Middle East Monitor / January 30, 2021
Last week when I broke the story of Assaf Kaplan, a recent Labour Party hire, the main feedback – often objection – I received on social media went along this sort of line: “There’s no such thing as a ‘former’ spy.”
A failing elections campaign operative for the Israeli Labour Party, Kaplan had nonetheless been hired by Keir Starmer’s UK Labour Party.
But the most stunning part of the story was not simply that Starmer had hired someone from outside of the UK, or even that he was an Israeli (given Israel and the Israeli Labour Party’s open hostility towards UK Labour’s last leader Jeremy Corbyn).
My story’s big reveal was the fact that Kaplan had once been an Israeli intelligence officer. For almost five years, he had worked for Military Intelligence’s cyberwarfare outfit, Unit 8200.
Unit 8200 is a large and sprawling asset in Israel’s armoury of aggressively offensive spy agencies. Most of its thousands of recruits are young, often radicalised, and straight out of high school. It spends millions on churning out high-tech intelligence agents to convey into Israel’s increasingly privatised mercenary spy firms.
A loose global network of “intelligence” firms with names like Black Cube and NSO Group have their profits effectively subsidised by the Israeli taxpayer in the form of what amounts to free government training for their recruits. Unit 8200 veterans flood the world of high-tech start-ups in Israel.
Unit 8200 itself is notorious as a particularly brutal and insidious spying outfit.
In 2014, a group of anonymous whistleblowers revealed the details of just how all-pervading the Israeli spying apparatus that dominates Palestinian life in the West Bank really is.
“When I enlisted into the intelligence unit,” wrote one, “I thought I would deal with prevention of terrorism and do whatever was necessary to protect national security.” But on the contrary: “I discovered that many Israeli initiatives within the Palestinian arena are directed at things that are not related to intelligence. I worked a lot on gathering information on political issues… I had a really hard time with some of the things we did.”
Another whistleblower in the group wrote that they had systematically gathered information: “That seemed irrelevant from a security standpoint, and I did not have a clear conscience participating in such activities. Contrary to my expectations, our database included not only security-related intelligence but also personal and political information.”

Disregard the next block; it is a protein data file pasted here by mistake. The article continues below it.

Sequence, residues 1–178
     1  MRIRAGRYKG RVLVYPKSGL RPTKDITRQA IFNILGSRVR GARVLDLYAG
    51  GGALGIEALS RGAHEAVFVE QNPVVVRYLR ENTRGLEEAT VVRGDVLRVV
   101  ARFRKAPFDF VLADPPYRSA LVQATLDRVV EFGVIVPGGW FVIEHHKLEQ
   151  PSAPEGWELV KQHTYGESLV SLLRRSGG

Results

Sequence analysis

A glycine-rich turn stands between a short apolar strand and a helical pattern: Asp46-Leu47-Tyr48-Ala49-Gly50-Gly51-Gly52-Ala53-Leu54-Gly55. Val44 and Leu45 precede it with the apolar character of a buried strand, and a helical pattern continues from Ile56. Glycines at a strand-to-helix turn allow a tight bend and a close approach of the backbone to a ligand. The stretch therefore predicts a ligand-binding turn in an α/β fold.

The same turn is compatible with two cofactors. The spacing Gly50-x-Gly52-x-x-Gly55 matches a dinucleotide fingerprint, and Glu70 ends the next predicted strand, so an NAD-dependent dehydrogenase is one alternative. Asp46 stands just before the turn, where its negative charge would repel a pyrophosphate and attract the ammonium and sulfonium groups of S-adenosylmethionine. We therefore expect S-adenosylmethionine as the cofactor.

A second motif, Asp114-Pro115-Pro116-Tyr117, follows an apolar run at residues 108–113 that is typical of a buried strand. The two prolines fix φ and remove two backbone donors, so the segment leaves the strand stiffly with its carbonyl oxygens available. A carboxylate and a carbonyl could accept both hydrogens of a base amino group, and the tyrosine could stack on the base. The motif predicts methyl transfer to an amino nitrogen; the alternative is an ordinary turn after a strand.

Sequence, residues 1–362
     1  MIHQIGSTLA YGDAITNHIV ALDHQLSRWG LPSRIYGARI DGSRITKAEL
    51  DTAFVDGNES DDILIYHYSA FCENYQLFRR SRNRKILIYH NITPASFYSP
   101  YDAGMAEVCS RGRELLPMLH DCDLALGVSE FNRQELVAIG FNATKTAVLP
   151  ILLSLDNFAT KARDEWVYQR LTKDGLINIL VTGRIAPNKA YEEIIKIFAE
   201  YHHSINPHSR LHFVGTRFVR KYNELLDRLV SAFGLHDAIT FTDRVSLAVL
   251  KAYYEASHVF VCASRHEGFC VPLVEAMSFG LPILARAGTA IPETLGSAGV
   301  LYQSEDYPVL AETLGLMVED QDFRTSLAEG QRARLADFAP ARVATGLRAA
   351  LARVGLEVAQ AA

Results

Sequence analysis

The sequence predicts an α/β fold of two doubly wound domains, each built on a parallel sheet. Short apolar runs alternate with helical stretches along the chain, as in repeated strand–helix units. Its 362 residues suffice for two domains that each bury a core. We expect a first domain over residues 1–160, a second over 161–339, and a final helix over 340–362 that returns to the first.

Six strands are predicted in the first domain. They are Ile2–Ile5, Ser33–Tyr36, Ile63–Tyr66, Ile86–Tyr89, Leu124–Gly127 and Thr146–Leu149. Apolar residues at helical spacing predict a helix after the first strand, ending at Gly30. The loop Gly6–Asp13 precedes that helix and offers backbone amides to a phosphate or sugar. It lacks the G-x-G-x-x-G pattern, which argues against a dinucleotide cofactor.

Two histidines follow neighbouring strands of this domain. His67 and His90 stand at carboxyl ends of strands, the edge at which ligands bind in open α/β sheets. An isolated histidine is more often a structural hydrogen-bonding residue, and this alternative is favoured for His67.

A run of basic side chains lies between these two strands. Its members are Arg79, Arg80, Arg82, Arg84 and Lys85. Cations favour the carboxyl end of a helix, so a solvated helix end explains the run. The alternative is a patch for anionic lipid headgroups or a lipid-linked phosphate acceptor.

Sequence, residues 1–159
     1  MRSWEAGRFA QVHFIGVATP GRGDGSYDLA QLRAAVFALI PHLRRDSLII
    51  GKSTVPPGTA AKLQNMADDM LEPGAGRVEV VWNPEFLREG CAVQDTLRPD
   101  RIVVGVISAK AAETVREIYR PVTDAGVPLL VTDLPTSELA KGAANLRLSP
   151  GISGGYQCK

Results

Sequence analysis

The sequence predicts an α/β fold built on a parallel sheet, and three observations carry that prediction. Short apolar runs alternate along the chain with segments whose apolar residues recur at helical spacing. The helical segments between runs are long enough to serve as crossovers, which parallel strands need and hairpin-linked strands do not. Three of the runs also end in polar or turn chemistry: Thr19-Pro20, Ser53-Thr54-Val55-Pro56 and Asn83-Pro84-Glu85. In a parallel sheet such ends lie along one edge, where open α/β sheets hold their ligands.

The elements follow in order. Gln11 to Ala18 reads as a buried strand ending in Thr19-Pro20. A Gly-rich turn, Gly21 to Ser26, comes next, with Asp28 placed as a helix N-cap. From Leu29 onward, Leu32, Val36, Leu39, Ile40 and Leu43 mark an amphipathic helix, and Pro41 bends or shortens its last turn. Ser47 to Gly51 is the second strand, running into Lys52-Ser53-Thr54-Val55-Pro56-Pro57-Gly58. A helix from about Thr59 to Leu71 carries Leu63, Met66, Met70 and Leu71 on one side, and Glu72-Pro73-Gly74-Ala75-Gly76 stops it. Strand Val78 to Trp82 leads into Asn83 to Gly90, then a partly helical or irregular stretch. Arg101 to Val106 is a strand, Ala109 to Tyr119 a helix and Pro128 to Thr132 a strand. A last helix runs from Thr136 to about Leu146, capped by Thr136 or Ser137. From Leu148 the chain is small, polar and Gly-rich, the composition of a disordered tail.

A third summed it up: “The fact that they were innocent was not at all relevant as far as we were concerned, with regards to how we treated them.”
All sorts of the most private personal details were deliberately gathered for the purposes of control, blackmail, harassment, and even targeted murder.
Sexuality, ill health, intimate relationships, infidelities – all were merely foddered for increasing the control of Israel’s regime of Jewish supremacy in the West Bank.
Israel makes a habit of using such information in an attempt to coerce Palestinians into collaborating with its occupation regime.
These are not the qualities of a person that a supposedly socialist party should be recruiting – and least of all from a hostile foreign power like Israel.
Here I return to the main criticism I received online for my story (or at least for its headline) – that there is no such thing as a “former” spy.
It’s a fair criticism. Once someone is inducted into the opaque and highly-secretive world of espionage, it’s doubtful that they will ever truly leave it. They will carry that experience with them for the rest of their lives. They will never lose those contacts, and there’s always the potential that they could be drawn in again and tapped by higher-up officers.
Especially when that someone finds themselves in a position of political influence – like the leader’s office of the main opposition party of an important foreign power like Britain.
Of course, nothing is set in stone. People can change, as the Unit, 8200 whistleblowers themselves show. But there’s no reason to believe that Kaplan even remotely regrets anything he did.
Quite the contrary. In recent years, he took to boasting about his experience as a “Unit 8200 veteran”, one online profile showed.
The irony for Labour goes further. Part of Kaplan’s new job description is to help Labour win elections. Yet, when he was deputy head of the Israeli Labour Party’s April 2019 general election campaign, that party – which long ago had a near-monopoly on Israeli government – collapsed to a pathetic six seats (and polling suggests a total wipe-out is coming in the forthcoming March election).
So Starmer’s devotion to what he terms “Zionism without qualification” may yet cost him the next general election.
But Labour members are more than entitled to ask the questions that so far both Kaplan and Labour spokespeople have refused to answer. What is the supposedly socialist Labour Party doing hiring a former Israeli spy in the first place? And is that former Israeli intelligence officer really “former”? That is to say: does Kaplan still have an ongoing relationship with Unit 8200, or with any other apparatus of the Israeli secret state?
Asa Winstanley is an investigative journalist living in London who writes about Palestine and the Middle East